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Tardy mortgages reflect struggling economy

Mississippi’s 14.1 percent delinquent rate applies to loans by 30 days or more

Mississippi mortgage bankers are awaiting third quarter tallies from the Mortgage Bankers Association to learn whether the state will continue to have the unfortunate distinction of having the nation’s highest rate of tardy home-loan payments.

Mississippi delinquent mortgage rates began climbing as it became a national leader in sub-prime mortgage borrowing. Tardy mortgage payment rates declined after Katrina, a period in which lenders granted borrowers more forbearance than usual.

Mississippi delinquent mortgage rates began climbing as it became a national leader in sub-prime mortgage borrowing. Tardy mortgage payment rates declined after Katrina, a period in which lenders granted borrowers more forbearance than usual.

The 14.1 percent rate for the second quarter matched Nevada, where the collapse of a vastly over-heated Las Vegas housing market has given the state one of the bleakest economies in the country. The Mortgage Bankers Association classifies all loans 30 days or more overdue as delinquent and does not include homes in foreclosure in its delinquency tallies.

Mississippi delinquent mortgage rates began climbing as it became a national leader in sub-prime mortgage borrowing. Tardy mortgage payment rates declined after Katrina, a period in which lenders granted borrowers more forbearance than usual.

The rates resumed their climb in recent years, topping the nation at 14.40 percent at the end of the third quarter of 2009.

Whatever chances Mississippi had of bringing the late-payment rate down likely vanished with the BP oil spill last spring, according to Scott Andrews, a Wells Fargo senior economist who spoke in Jackson last Tuesday at the Mississippi Council on Economic Education luncheon.

A spike in unemployment in the summer months from the spill “certainly can affect those numbers,” Andrews said in an interview after his talk.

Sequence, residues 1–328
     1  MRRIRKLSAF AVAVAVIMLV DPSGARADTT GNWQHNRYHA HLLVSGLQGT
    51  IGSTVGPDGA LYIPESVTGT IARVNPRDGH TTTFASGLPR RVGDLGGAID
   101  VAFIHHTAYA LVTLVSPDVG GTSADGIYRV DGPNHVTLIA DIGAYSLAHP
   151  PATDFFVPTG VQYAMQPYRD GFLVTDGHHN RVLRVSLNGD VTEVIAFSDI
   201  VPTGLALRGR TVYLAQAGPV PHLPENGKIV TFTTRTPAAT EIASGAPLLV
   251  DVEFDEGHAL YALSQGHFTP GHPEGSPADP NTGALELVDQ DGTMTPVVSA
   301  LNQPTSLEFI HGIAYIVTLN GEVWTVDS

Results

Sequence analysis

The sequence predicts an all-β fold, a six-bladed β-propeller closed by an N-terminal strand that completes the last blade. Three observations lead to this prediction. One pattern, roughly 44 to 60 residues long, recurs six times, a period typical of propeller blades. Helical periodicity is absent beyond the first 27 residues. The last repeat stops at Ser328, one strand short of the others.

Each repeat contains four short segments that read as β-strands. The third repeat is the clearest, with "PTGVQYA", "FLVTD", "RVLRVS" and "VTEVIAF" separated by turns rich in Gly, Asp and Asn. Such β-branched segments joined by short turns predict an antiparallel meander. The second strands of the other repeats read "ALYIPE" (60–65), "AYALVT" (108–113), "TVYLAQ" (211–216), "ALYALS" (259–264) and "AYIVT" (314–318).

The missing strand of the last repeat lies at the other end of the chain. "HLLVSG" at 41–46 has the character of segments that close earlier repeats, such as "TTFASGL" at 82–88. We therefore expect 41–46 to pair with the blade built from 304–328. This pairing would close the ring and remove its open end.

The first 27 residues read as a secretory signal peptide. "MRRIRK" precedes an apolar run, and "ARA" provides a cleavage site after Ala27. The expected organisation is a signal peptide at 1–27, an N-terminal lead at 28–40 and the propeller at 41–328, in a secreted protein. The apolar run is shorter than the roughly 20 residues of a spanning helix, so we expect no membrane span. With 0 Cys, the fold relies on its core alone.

The third quarter may see the state’s mortgage delinquency rate decline slightly, he said.  “The Mississippi unemployment rate has come down from summer. That could help a little bit,” he added.

“Still, it does suggest financial strain as a result of high unemployment and weak economic activity.”

Overall, Mississippi’s lenders and borrowers are suffering the consequences of a banking industry that did “40 years of mortgage lending in seven years,” Andrews told the luncheon gathering.

Mississippi’s third quarter foreclosure rate rose 40.1 percent from the second quarter of 2010, according to RealtyTrac, a California real estate survey and data gathering firm.

Lenders took back the property of just more than 700 Mississippi homeowners during the third quarter of 2010, RealtyTrac reported.

RealtyTrac said that in addition to the repossession of 727 homes, another 705 property owners received a notice of a pending foreclosure sale during the July-September period.

The rate of late mortgage payments could mean further escalation on the foreclosure front. “Delinquencies do lead to more foreclosures,” Andrews said.

Increasing numbers of tardy mortgages followed by new foreclosures mean it will take longer for banks to begin fully contributing to an economic revival, Andrews said. “Certainly it’s prolonging the day that banks will be able to support the recovery.”

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